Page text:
Tuesday, November 27, 2018

Chinese Researcher Claims He Created First Gene-Edited Babies

Article Written By: Kyle Tam


    A Chinese researcher claimed on Monday that he helped to create the world's first genetically edited babies - twin girls born this month whose DNA he altered using the powerful tool known as CRISPR.
    The researcher, He Jiankui of Shenzhen, said he altered embryos for seven couples during fertility treatments, resulting in one pregnancy thus far. He claimed that his goal was not to cure or prevent inherited diseases, but to give the ability to resist possible future infections from HIV, the AIDS virus.
    As of the time of publication, there is no independent confirmation of He's claim and it has not been published in any peer-reviewed journals. He revealed the news in Hong Kong yesterday to one of the organizers of an international conference on gene editing beginning today prior to an interview with the Associated Press.
    In recent years, scientists have developed a relatively easy way to edit genes. The tool, called CRISPR-cas9, makes it possible to operate on DNA to add an additional gene or disable one. Up until now, CRISPR has been used primarily to create cell and animal models. These are used to accelerate research into diseases such as cancer and mental illness.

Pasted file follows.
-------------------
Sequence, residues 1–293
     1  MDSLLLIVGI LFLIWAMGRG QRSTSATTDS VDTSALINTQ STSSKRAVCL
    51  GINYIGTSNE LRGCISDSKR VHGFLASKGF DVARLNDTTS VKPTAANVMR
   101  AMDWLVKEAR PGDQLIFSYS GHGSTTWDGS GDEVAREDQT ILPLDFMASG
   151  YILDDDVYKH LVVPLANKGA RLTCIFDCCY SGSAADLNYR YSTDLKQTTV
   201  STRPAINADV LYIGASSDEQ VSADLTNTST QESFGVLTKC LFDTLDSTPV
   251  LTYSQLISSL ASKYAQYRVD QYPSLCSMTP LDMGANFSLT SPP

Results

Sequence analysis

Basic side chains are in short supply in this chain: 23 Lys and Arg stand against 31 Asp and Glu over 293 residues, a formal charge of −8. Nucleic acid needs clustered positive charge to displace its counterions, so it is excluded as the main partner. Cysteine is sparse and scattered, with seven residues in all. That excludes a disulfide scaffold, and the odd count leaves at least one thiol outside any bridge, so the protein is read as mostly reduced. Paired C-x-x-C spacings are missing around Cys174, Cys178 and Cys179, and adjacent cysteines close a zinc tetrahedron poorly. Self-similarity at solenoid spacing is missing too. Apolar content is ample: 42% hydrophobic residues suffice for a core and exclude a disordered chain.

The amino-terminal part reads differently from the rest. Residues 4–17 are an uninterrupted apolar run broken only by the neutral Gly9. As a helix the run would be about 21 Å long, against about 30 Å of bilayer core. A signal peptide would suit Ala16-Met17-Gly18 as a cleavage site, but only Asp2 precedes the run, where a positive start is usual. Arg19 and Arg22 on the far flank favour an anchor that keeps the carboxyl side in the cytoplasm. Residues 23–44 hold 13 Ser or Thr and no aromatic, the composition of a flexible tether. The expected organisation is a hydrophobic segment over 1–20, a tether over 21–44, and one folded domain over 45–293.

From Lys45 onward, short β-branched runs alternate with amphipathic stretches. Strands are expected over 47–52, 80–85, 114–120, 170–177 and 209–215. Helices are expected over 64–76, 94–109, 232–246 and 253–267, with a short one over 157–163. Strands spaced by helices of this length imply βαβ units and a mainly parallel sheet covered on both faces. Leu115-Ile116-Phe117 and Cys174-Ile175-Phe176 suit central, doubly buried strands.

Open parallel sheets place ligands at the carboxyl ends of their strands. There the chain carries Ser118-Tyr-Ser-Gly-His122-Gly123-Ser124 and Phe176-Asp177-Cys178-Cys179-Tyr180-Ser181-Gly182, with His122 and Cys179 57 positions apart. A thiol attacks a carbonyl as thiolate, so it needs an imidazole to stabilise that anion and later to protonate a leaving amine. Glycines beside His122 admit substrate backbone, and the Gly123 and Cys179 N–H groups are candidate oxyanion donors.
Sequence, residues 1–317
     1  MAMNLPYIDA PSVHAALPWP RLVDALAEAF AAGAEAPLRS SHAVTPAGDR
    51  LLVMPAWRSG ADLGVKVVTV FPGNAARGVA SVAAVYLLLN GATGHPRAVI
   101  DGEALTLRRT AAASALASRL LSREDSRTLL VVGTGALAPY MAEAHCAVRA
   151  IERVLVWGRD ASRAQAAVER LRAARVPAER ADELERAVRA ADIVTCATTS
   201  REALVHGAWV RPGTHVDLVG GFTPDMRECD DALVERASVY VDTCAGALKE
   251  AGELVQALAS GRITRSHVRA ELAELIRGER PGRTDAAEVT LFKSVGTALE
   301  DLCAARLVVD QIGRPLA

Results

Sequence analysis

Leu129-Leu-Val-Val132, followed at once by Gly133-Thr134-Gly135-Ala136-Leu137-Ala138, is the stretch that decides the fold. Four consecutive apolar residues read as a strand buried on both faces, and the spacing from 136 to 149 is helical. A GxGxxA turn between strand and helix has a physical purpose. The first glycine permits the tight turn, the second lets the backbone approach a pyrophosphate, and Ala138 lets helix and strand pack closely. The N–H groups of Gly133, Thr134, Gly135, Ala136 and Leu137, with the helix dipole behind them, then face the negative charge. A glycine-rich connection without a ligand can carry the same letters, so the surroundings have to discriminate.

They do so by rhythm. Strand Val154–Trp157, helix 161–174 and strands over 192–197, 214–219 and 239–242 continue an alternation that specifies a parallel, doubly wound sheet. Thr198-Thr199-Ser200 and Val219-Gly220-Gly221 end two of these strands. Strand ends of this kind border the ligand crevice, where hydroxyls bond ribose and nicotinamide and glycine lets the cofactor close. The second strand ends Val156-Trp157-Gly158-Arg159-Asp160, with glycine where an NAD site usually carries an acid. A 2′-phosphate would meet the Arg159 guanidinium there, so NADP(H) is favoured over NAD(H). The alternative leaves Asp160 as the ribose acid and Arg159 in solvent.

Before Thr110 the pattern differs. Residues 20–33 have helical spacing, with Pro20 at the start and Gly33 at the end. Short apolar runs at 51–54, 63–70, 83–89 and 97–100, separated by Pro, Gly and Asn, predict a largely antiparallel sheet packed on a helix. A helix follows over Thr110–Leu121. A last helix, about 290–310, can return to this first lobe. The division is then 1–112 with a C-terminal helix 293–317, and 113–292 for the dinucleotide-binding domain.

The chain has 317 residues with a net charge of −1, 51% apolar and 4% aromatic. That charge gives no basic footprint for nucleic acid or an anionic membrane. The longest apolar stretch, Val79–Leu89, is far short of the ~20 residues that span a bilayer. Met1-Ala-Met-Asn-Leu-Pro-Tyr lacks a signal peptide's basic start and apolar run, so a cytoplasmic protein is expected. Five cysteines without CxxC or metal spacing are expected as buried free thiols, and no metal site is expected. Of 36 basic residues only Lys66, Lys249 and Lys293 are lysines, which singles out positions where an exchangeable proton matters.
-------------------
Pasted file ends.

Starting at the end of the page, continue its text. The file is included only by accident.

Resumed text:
In the United States, editing sperm, eggs or embryos (permitting any gene edits inheritable) is illegal except for lab research. China outlaws human cloning but not specifically gene editing.
The bulk of the scientific community believe that gene editing in humans is too unsafe to try and some scientists have denounced this feat as human experimentation.
He Jiankui, left, and Zhou Xiaqin work on a computer at a laboratory in Shenzhen. (AP Photo/Mark Schiefelbein)
    It’s “unconscionable ... an experiment on human beings that is not morally or ethically defensible,” said Dr. Kiran Musunuru, a University of Pennsylvania gene editing expert and editor of a genetics journal.
    “This is far too premature,” said Dr. Eric Topol, who heads the Scripps Research Translational Institute in California. “We’re dealing with the operating instructions of a human being. It’s a big deal.”
     “I feel a strong responsibility that it’s not just to make a first, but also make it an example,” He told the Associated Press. “Society will decide what to do next” in terms of allowing or forbidding such science. 
Image Credit: (AP Photo/Mark Schiefelbein)

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